We have been discussing establishing criteria for identifying and validating digital diseases. We also discussed establishing scientific criteria for positively identifying and validating both the affliction and the treatment. We can certainly point to examples where such methods work in the biological world, and I would surmise the same applies in the digital world.

The first important step is choosing to look for issues. Any organization or individual identifying a known problem must then decide. They can either hope it just goes away and ignore it or take some action. Interestingly enough, ignoring some issues and letting nature take its course of action sometimes works well in the biological world. 

That may have set a terrible precedent in our minds. While it may seem so, you're not ignoring a problem and not taking action. In the biological world, our built-in natural healing processes take place that can remedy many afflictions. Something is being done even if we don’t take explicit action.

We don’t have that luxury in the digital world. We see small moves toward designing self-healing systems, but they can’t create new fixes as biological systems do. While I believe that someday digital systems will evolve to self-heal, that time isn't today.

The reality is that, by and large, someone must look at the information and then decide to take action, which is a big part of the problem today. As previously discussed, we lack ways to identify issues, prioritize them, and take the correct course of action. Someone must decide to allocate resources to fix the problem.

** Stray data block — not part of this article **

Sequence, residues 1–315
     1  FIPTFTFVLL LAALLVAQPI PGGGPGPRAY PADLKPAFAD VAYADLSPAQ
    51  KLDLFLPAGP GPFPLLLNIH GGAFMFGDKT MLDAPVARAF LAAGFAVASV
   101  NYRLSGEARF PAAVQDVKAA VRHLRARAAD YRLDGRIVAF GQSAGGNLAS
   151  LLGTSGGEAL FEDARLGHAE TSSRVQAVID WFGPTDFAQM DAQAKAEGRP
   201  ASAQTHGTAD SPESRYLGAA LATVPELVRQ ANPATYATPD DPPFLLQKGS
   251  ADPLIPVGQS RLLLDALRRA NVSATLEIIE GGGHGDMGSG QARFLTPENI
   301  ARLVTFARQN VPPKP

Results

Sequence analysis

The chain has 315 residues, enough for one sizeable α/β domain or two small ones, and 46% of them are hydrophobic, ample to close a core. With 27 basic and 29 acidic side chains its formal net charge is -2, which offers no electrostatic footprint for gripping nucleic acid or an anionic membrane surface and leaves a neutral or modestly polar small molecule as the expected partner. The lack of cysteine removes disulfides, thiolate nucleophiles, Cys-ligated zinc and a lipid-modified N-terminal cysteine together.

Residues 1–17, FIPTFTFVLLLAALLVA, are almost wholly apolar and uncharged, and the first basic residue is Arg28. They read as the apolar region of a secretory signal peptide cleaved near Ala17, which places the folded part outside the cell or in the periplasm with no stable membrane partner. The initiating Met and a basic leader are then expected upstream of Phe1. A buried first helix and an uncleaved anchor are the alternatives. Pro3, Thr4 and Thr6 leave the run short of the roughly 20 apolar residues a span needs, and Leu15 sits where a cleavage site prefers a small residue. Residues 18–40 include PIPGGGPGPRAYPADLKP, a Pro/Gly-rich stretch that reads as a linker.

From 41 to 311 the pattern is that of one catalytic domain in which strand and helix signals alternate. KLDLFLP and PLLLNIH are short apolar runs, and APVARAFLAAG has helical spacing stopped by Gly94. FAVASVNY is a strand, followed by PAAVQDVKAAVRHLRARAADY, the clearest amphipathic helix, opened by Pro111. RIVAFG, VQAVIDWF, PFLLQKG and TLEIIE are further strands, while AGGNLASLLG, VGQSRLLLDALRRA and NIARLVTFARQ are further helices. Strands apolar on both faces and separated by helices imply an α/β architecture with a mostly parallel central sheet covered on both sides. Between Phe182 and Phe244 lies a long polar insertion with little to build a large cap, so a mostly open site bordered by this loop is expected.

Unfortunately, a common decision is to either postpone the move to remediation or simply ignore it and hope it will either go away or not manifest itself in a way that forces the digital equivalent of an emergency room visit and possibly intensive care. There are many reasons for this, and sometimes it can be as simple as not daring to make a change that could impact the service associated with the problem. Sometimes it's a lack of understanding of what bad things could happen as a consequence.

The infamous Heartbleed bug was an example of everyone scrambling for an emergency fix, and in many cases, the people responsible for the system fixed it. In other cases, a lack of knowledge and globally agreed-upon fixes led to many snake oil remedies and, in many cases, just plain ignoring the problem in hopes that it wouldn't lead to intensive care. You can be sure this is still the case today. 

We call this the long tail of vulnerabilities. Initially, there were millions of systems affected by the bug. Heartbleed is still tracked in our Arctic EWS service, which tells us that the number of unique IP addresses with the vulnerability has dropped from an average of 200K in July 2020 to an average of 150K in April 2022. That is a measly reduction, and these systems will continue to stay online for years to come. 

Typically organizations don’t decide to take action until they're forced when inaction leads to heavy financial losses more significant than the cost of the fix. Unfortunately, many of the security problems don’t become visible without a bit of digging and data gathering, which comes with some effort. When that effort isn't spent, it leads to a false estimation about where they're in the potential financial loss spectrum. 

We have seen financial losses due to security issues increase steadily over the last several decades, but not to a level that forces organizations to take preventive measures with enough enthusiasm to get digital diseases under control effectively. 

So I guess the burning question is: what will it take to get us to the next step?

The next blog article will dive into who defines what are the acceptable actions for cybersecurity problems.

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